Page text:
Millions of people rely on continuous positive airway pressure, or CPAP machines, to sleep better at night. So when there was a huge safety recall of one brand, it raised a lot of questions — some of them still open today.

Liz Moughon is a video journalist at the investigative nonprofit ProPublica and part of the team that covered the story.

The following is a transcript of a report from “Full Measure with Sharyl Attkisson.” Watch the video by clicking the link at the end of the page.

Liz Moughon: This is a story about patients and doctors who are impacted by the Philips Respironics recall of their CPAP machines and respiratory breathing devices. For over 11 years, they withheld complaints from users who reported defects, and they withheld that information from the public.

With Every Breath documentary clip: I had patients who had black particles over the years. We didn’t know what it was.

With Every Breath documentary clip: The DreamStation was one of the most commonly-used positive airway pressure devices in the United States, if not the world. Nearly 100% of our patients were on DreamStation devices at the time of the recall.

Sharyl: What was the heart of the complaints about these CPAP machines?

Moughon: The heart of the complaints were that users were finding black particles, black specks, dust, and contamination in their machines. Even users who washed their machines every day, every other day, they saw these tiny black particles in the tubing of their machines, and they reported them.

Sharyl: The implication is they were breathing that stuff in?

Moughon: Yeah. The implication — so, the foam that was used in the machines is an industrial foam that is also found in sofas and mattresses. And at high heat, the foam can break down into these tiny disintegrated particles that are known to be toxic and potentially carcinogenic. We were looking for a patient who was sick, which is Mark Edwards. And Mark Edwards has preexisting conditions. And a lot of people on sleep apnea have preexisting conditions, and if you have preexisting conditions, you need a CPAP machine even more to be able to heal, to be able to manage that.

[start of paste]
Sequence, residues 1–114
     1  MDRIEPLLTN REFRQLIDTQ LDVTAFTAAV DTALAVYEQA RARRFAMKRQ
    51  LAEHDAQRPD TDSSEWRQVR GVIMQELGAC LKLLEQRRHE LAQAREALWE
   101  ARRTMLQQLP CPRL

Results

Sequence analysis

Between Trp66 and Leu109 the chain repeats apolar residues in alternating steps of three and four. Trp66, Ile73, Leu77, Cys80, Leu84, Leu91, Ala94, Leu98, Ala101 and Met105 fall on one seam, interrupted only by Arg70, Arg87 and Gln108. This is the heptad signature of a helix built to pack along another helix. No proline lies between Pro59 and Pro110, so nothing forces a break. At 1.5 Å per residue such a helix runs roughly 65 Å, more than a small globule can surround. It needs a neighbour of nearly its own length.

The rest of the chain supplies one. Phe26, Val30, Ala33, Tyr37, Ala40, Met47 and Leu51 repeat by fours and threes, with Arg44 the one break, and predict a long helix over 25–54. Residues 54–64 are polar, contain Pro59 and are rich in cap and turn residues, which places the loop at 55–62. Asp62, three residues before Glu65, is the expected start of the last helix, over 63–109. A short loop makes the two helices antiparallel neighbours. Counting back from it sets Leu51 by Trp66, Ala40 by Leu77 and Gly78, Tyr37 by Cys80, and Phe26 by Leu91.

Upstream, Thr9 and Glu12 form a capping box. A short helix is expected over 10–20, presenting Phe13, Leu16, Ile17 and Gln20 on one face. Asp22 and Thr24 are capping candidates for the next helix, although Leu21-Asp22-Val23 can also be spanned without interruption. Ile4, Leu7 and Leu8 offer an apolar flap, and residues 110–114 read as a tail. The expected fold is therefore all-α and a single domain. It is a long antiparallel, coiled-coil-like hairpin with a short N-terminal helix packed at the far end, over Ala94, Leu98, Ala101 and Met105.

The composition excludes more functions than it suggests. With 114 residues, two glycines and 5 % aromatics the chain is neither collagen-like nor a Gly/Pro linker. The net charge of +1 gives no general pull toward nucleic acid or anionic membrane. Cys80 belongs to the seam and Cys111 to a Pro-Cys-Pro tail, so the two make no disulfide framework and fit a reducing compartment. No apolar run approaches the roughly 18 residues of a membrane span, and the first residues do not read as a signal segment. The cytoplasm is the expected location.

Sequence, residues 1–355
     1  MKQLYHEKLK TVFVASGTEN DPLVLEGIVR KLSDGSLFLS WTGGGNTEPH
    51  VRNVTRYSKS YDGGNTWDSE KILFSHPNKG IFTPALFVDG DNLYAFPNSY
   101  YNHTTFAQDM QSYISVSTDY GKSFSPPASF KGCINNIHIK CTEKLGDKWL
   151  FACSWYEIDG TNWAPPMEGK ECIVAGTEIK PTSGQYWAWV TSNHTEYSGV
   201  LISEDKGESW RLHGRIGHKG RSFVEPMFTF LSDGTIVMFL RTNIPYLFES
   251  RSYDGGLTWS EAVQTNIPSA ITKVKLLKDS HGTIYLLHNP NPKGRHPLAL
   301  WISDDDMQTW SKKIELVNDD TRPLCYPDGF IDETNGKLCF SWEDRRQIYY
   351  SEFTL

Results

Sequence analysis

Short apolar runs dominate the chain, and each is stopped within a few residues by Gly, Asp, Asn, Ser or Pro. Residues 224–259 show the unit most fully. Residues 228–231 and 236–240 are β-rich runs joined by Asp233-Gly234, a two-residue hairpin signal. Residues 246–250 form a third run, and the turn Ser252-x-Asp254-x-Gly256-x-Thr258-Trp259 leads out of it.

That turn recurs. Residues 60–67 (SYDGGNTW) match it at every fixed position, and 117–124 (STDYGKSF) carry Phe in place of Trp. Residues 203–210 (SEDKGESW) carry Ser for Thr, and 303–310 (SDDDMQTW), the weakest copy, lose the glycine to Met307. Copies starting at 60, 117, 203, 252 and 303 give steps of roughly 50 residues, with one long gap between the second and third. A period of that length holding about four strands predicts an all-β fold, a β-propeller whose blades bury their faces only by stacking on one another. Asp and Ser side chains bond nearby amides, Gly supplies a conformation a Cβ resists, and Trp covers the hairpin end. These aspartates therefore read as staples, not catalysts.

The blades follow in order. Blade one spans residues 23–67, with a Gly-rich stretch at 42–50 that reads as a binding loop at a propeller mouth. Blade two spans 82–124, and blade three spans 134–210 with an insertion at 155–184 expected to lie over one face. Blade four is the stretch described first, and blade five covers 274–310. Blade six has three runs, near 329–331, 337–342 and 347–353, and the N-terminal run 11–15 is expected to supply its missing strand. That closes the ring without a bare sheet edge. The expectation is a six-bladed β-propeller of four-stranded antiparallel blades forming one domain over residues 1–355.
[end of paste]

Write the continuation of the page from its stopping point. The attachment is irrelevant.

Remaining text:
With Every Breath documentary clip: Initially I thought that the CPAP machine was kind of like a gimmick, so I just thought, “Come on, what happened to people in the colonial times when they didn’t have a CPAP machine?” And my lung doctor said, “They died.” I was like, well that makes sense.

Moughon: So Mark really shows someone who is sick and is potentially sicker because of this machine.

With Every Breath documentary clip: I had three top specialists tell me that the Royal Philips CPAP machine destroyed the walls of my lungs. So I went to this guy, and he recommended Dr. Candace Hrelec, and she looked down my throat, and she found this huge growth in my throat. She did surgery on me. Once the walls of your lungs are shot, it’s a matter of time.

Sharyl: What was the company’s response did you discover, as part of the co-investigation that you did, when they began to get these complaints from consumers?

Moughon: Philips received over 3,700 complaints over the span of 11 years, and they first launched an investigation in 2019, which was nine years after the first complaint. And their response was that complaints leading up to the recall were few and far between, and that they responded as soon as they understood the potential significance of the problem.

Sharyl: What would you say is the overarching lesson you learned as you found out more about this case?

Moughon: For these patients, I think about how they were not given a right to know sooner the risks of their machines. If they had been told even a few years sooner, we don’t know if the machine could harm you, but we’re letting you make that decision.

Sharyl (on-camera): In a statement, Philips said it does not agree with the characterizations in ProPublica’s reporting, that the company’s priority is patient safety and quality, and that it “regrets any distress and concern for patients, their families, and care providers in this matter, and deeply apologizes.”

Watch video here.

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